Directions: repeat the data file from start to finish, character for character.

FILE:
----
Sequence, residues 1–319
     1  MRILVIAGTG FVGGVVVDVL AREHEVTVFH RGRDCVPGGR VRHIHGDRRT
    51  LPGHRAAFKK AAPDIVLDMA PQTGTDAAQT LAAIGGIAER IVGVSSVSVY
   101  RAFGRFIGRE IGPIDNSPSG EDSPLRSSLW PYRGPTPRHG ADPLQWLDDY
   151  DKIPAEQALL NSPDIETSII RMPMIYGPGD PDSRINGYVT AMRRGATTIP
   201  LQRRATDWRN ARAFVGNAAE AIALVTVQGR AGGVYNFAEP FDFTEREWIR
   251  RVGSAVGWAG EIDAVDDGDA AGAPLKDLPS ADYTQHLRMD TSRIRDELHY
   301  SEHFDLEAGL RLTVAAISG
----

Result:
Sequence, residues 1–319
     1  MRILVIAGTG FVGGVVVDVL AREHEVTVFH RGRDCVPGGR VRHIHGDRRT
    51  LPGHRAAFKK AAPDIVLDMA PQTGTDAAQT LAAIGGIAER IVGVSSVSVY
   101  RAFGRFIGRE IGPIDNSPSG EDSPLRSSLW PYRGPTPRHG ADPLQWLDDY
   151  DKIPAEQALL NSPDIETSII RMPMIYGPGD PDSRINGYVT AMRRGATTIP
   201  LQRRATDWRN ARAFVGNAAE AIALVTVQGR AGGVYNFAEP FDFTEREWIR
   251  RVGSAVGWAG EIDAVDDGDA AGAPLKDLPS ADYTQHLRMD TSRIRDELHY
   301  SEHFDLEAGL RLTVAAISG